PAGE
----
Why We Don't Sell Psyllium
What is psyllium?
Psyllium is a type of soluble fibre derived from the plant plantago psyllium. The tiny seeds found in the husk create a gel like substance when added to water.
What is psyllium commonly used for?
As a form of soluble fibre psyllium helps to bind to waste material in the intestines, which can support bowl movement by increasing faecal moisture and weight. Psyllium is principally used to maintain regularity, generally in those that don’t consume enough fibre in their diet. Large scale trial confirms its effectiveness in supporting digestive transit.
Why don’t we sell psyllium?
Research highlights certain side effects associated with psyllium, and that some may be sensitive to the plant. There is also evidence to suggest that psyllium cannot be taken at the same time as certain medications.
What are the alternatives?
For a gentle, family friendly alternative you may consider Flourishe®. Also, a form of soluble fibre, but in the purest form of FOS (fructooligosaccharides which are part of the inulin family), derived from chicory root. Much of the published work on FOS have been carried out on chicory with findings showing it helps maintain normal intestinal health. It is easy to take sprinkled over cereal, stirred into hot drinks or even off the spoon. A great tasting powder that even children enjoy. Flourishe® is suitable for long-term use, all ages, for those who don’t like taking tablets and during pregnancy.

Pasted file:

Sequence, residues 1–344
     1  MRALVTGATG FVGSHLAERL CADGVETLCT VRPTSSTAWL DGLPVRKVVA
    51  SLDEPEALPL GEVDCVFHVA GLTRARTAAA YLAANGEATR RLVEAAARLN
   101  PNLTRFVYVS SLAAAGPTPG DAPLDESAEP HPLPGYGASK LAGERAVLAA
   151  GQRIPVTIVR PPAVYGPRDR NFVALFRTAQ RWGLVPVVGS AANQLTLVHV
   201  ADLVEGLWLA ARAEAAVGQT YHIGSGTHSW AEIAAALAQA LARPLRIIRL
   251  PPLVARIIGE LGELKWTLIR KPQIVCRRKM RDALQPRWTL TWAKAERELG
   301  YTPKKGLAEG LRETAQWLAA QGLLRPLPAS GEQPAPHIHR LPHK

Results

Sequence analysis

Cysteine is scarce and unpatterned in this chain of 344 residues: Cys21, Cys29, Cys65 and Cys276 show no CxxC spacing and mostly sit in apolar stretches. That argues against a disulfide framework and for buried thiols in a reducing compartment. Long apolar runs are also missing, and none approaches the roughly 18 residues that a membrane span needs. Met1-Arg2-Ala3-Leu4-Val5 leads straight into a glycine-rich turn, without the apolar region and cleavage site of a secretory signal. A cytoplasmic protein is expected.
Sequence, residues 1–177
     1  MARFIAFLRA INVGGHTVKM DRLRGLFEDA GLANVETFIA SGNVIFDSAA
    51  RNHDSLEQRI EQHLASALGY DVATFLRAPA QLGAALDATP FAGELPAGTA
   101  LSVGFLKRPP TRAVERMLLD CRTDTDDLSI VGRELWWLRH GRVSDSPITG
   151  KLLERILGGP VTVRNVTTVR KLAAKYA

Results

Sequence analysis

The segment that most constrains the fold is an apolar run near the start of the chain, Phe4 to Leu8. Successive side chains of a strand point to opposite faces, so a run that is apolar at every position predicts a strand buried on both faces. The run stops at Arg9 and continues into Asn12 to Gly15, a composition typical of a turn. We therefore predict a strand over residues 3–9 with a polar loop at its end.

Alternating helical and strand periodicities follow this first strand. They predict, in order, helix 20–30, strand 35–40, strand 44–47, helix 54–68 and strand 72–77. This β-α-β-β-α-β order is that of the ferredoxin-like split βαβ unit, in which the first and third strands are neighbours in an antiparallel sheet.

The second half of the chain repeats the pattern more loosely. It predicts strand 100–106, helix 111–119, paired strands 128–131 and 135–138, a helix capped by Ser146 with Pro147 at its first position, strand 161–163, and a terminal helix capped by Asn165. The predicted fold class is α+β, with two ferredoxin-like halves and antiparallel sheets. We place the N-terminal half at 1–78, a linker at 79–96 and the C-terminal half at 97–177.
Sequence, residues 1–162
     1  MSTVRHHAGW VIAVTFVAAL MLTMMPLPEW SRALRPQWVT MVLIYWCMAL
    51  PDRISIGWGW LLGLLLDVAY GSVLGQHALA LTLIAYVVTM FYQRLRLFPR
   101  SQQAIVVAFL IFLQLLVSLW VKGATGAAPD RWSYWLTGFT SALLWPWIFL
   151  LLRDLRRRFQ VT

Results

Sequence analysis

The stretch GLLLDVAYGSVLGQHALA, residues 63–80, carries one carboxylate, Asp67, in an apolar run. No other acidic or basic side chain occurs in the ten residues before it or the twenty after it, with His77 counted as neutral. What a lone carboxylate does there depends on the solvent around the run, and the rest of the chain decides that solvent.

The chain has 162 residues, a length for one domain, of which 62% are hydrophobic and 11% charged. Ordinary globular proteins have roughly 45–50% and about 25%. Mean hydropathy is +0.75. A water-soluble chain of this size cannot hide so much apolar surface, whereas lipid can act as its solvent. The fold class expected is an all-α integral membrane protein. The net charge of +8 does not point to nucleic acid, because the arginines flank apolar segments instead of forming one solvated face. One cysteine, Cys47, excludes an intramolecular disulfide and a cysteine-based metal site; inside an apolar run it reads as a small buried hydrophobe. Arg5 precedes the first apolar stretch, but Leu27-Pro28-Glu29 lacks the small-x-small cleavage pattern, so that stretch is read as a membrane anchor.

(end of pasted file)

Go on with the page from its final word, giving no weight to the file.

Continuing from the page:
Flourishe® is not a laxative, however chicory root supports natural digestion. There are no reported side effects and it can be taken alongside medication Our Nutrition Advisors say this is an excellent and gentle alternative to psyllium.
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Further reading… why not browse our Blog articles to find out more about how to support a healthy lifestyle
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Keri Filtness has worked in the Nutrition Industry for 19 years. She is regularly called upon for her professional comments on health and nutrition related news. Her opinions have been featured by BBC3, Prima, Vitality, The Mirror, Woman’s Own and Cycling Weekly, amongst others. She has also worked one to one with journalists, analysing their diets and health concerns and recommending changes and additions, where appropriate.